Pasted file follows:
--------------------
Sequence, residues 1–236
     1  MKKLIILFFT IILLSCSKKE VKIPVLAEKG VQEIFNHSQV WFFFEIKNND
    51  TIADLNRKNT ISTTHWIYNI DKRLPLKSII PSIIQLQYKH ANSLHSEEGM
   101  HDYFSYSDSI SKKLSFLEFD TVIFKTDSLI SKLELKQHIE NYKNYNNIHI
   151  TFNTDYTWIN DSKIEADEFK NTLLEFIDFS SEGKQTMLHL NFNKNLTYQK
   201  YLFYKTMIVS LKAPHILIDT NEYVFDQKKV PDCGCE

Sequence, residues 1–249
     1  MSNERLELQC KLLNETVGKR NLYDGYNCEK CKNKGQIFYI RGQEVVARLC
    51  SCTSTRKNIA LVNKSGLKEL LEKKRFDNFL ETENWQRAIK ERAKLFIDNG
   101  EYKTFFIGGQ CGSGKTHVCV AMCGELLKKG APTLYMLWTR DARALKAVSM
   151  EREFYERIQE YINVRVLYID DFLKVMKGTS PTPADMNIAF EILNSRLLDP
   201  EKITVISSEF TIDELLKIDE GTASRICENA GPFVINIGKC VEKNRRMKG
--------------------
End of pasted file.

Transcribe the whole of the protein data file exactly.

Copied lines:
Sequence, residues 1–236
     1  MKKLIILFFT IILLSCSKKE VKIPVLAEKG VQEIFNHSQV WFFFEIKNND
    51  TIADLNRKNT ISTTHWIYNI DKRLPLKSII PSIIQLQYKH ANSLHSEEGM
   101  HDYFSYSDSI SKKLSFLEFD TVIFKTDSLI SKLELKQHIE NYKNYNNIHI
   151  TFNTDYTWIN DSKIEADEFK NTLLEFIDFS SEGKQTMLHL NFNKNLTYQK
   201  YLFYKTMIVS LKAPHILIDT NEYVFDQKKV PDCGCE

Sequence, residues 1–249
     1  MSNERLELQC KLLNETVGKR NLYDGYNCEK CKNKGQIFYI RGQEVVARLC
    51  SCTSTRKNIA LVNKSGLKEL LEKKRFDNFL ETENWQRAIK ERAKLFIDNG
   101  EYKTFFIGGQ CGSGKTHVCV AMCGELLKKG APTLYMLWTR DARALKAVSM
   151  EREFYERIQE YINVRVLYID DFLKVMKGTS PTPADMNIAF EILNSRLLDP
   201  EKITVISSEF TIDELLKIDE GTASRICENA GPFVINIGKC VEKNRRMKG